Florida's Job Market
Florida job outlook: 2019
The picture is — robust. In the past five years, Florida has added nearly a million jobs.
The current economic expansion, which began in June 2009, is now entering its second decade, and Florida has never seen a job market like today’s.
Employment in virtually every sector in every metropolitan area in Florida is up markedly since 2014, and wages are growing as well. Notably, the fastest-growing areas have been in better-paying sectors like construction, health care and professional services — employment in each of those sectors has grown more than 12% since 2014. Slower-growing sectors include retail, where employment has grown by only 8%.
“We’re closing in on full employment,” says Sean Snaith, director of UCF’s Institute for Economic Forecasting. “That’s going to start to manifest itself in faster wage and salary growth. The biggest problem in the labor markets in Florida is not the availability of jobs. The challenge over the next few years is going to be the availability of workers. I’d rather have a worker availability problem than a jobs problem.”
Pockets of growth are everywhere: In Orlando, the University of Central Florida has spawned a high-tech cluster focused on computer simulation, training and cyber-defense. Florida’s Space Coast, hit hard by the recession and the end of the space shuttle program in 2011, is surging, boosted by private rocket companies such as SpaceX and Blue Origin. The state’s hospital systems are expanding, and population growth is fueling demand for housing, restaurants and office space.
Snaith predicts the number of jobs in Florida will increase at an average annual rate of 2% during the next four years. A big factor will be housing construction, he says. “We’re still a bit behind the curve in terms of housing supply,” he says. “I think builders finally see that this is not another case of false demand fueled by speculation. This is population- and economy-driven demand for housing. It’s real.”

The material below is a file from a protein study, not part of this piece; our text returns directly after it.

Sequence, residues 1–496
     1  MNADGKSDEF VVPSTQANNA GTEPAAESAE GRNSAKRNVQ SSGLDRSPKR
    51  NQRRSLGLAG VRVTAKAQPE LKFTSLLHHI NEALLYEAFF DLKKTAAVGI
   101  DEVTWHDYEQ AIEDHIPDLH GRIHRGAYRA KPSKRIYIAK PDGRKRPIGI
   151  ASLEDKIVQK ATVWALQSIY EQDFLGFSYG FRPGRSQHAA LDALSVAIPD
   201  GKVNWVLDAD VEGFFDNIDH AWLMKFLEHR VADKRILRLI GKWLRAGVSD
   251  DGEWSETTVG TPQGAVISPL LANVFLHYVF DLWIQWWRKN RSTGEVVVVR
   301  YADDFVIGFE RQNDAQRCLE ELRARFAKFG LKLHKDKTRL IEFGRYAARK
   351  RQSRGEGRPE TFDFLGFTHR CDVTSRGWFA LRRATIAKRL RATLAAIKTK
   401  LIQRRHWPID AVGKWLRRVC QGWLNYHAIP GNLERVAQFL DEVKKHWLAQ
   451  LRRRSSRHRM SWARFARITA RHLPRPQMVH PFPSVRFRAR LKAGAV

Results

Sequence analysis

Until now, the only other post-World War II expansion to last 10 years was from March 1991 to March 2001. So how long can today’s current boom keep booming? “A lot of folks think we’re due for a recession, but you don’t have a recession just because you’re due. You have a recession because you get over-exuberant,” says Mark Vitner, a senior economist at Wells Fargo.
“We haven’t overbuilt housing. Apartments look like they’re a little overbuilt, but not massively so, and we haven’t built much office or retail space,” he says. “The places you’d look for a recession to come out of don’t look overdone. There’s a good chance the good times could last for quite some time.”